Author Topic: Pop Bumper Bummer--RESOLVED!!! see more inside...  (Read 3093 times)

Offline mcjeremy42

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Pop Bumper Bummer--RESOLVED!!! see more inside...
« on: July 06, 2010, 07:04:44 PM »
Hi All! 

Have a problem with a Mr and Mrs Pac-Man (1983 Bally).  The center pop bumper is firing multiple times off of one hit.  Here's some facts:

1.  Fires fine sometimes, then sticks on for 2 to 20 fires at other times.
2.  Wiring looks good.  Thought it might just need cleaning, so I took the whole thing apart and wiped it down.  And no, I didn't lubricate
     anything.  Put it all back together, and same problem.  Coil stop looked fine, but I dropped it on concrete in case it had gotten magnetized.
3.  Gaped the leaf switch.  This thing fires even when the contacts aren't touching (trigger it once then see it score and fire as I'm looking at
      separated contacts.)
4.  Thought it was a bad transistor, resistor, diode on the solenoid driver board.  Unplugged the board, and it still registers score as if it's being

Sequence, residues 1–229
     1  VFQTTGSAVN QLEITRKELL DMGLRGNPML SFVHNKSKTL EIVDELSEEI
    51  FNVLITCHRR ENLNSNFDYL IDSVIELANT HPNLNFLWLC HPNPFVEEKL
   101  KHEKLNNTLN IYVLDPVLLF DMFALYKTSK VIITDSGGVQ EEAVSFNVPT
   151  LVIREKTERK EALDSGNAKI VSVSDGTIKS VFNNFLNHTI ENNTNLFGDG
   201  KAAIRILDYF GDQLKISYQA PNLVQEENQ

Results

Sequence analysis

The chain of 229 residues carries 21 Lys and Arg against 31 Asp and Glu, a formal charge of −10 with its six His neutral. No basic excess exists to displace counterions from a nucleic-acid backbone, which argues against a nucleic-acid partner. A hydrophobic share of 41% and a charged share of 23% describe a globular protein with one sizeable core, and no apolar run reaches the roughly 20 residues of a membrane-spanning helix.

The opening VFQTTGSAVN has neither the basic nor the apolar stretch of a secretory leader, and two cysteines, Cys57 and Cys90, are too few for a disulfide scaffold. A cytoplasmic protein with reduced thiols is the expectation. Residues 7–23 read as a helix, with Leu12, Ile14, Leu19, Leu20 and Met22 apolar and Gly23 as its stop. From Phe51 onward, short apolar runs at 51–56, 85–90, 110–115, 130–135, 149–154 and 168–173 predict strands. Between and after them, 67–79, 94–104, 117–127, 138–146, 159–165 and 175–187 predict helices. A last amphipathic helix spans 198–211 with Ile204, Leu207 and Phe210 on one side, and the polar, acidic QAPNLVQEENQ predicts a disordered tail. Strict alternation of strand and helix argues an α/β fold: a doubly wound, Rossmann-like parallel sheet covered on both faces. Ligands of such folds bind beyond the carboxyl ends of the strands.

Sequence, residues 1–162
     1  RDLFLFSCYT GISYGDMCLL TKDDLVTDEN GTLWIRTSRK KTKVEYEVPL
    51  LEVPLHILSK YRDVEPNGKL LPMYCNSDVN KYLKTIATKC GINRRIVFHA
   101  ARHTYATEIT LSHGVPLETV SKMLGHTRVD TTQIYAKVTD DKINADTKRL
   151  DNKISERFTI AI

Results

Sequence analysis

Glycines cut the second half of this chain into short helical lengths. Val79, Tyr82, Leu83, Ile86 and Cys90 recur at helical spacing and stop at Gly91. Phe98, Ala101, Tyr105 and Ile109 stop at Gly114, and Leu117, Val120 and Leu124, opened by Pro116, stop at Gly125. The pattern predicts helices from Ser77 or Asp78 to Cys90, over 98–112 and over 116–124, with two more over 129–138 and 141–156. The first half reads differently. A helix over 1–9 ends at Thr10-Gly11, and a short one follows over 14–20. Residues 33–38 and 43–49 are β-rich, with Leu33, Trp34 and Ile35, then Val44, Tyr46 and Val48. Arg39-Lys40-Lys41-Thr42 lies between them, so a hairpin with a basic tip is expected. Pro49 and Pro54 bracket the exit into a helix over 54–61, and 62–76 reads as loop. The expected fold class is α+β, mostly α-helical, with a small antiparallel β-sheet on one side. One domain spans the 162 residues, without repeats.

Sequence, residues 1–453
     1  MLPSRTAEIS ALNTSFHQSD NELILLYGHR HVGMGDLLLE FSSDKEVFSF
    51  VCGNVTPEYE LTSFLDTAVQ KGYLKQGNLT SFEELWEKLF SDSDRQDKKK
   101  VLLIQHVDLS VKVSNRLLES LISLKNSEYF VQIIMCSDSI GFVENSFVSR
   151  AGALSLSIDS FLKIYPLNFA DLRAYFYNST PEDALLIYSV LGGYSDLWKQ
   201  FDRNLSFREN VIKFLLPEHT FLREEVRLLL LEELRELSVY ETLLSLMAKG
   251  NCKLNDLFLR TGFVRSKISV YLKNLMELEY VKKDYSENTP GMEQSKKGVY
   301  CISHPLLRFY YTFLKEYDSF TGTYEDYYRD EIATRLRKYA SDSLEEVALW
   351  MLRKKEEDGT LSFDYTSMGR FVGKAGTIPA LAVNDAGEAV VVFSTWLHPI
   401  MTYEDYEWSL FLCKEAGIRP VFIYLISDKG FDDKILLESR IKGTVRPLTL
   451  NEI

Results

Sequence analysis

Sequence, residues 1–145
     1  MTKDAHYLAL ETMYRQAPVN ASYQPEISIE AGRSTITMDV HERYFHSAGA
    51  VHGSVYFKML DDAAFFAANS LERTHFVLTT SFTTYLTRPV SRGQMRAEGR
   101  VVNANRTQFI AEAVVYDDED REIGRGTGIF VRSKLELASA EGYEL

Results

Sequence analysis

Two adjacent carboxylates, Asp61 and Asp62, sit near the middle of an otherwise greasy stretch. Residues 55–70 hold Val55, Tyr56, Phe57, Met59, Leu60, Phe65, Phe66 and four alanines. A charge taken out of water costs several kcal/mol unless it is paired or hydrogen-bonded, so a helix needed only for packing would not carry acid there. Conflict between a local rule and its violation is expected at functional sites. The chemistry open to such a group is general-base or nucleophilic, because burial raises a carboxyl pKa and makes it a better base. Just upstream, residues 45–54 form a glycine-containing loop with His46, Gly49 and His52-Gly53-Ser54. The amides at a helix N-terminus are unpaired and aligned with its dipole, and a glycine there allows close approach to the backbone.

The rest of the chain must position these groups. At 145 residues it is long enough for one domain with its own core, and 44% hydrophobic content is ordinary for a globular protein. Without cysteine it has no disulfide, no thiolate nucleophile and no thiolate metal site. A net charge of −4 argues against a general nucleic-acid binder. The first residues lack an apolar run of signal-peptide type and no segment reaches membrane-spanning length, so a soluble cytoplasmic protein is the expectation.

hit with a rapid fire pinball.  I have had problems with the SDB before, and this machine has gone to Atari Jim's for repairs.
5.  This started happening after the last time I moved the machine, when i took it to AJ for solenoid repairs, but it doesn't seem to be off that
    board.  Could something be loose somewhere?
6.  I reseated all connectors at the boards and the molex between the head and the body.
7.  Every other switch works fine.  Tested them all. 
8.  All original boards, and AJ has looked at them in the past...but not ruling out an MPU problem.
9.  When the SDB is connected, the coil fires multiple times.  When SDB disconnected, scores multiple times...so I think the coil  & SDB are fine.


I'm at a loss, everyone.  Anyone have an idea?  Leon, I'm in Winter Haven and can bribe you with beer to come take a look.... 

I'm open to any and all ideas.  Have a DMM, but not much knowledge or experience using one.  This is one of 2 pins I own, and I'm fairly new to them, so please talk down to me and slowly, 'cause I'm ignorant.  I only know enough to be dangerous.

Besides that, anyone want to come see the Haunted Pinball?
« Last Edit: July 08, 2010, 10:37:41 PM by mcjeremy42 »
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Offline ibis

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Re: Pop Bumper Bummer
« Reply #1 on: July 06, 2010, 07:13:24 PM »
Bribing always works!  HAHA!